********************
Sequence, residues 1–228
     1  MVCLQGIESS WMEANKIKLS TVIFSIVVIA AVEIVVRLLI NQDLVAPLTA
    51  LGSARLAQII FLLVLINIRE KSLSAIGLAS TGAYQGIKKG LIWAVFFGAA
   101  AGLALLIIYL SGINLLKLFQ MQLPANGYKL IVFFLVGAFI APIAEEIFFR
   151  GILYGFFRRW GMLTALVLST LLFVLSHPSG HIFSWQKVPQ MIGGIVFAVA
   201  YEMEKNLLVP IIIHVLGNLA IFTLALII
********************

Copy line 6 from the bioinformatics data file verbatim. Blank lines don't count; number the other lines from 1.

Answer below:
   201  YEMEKNLLVP IIIHVLGNLA IFTLALII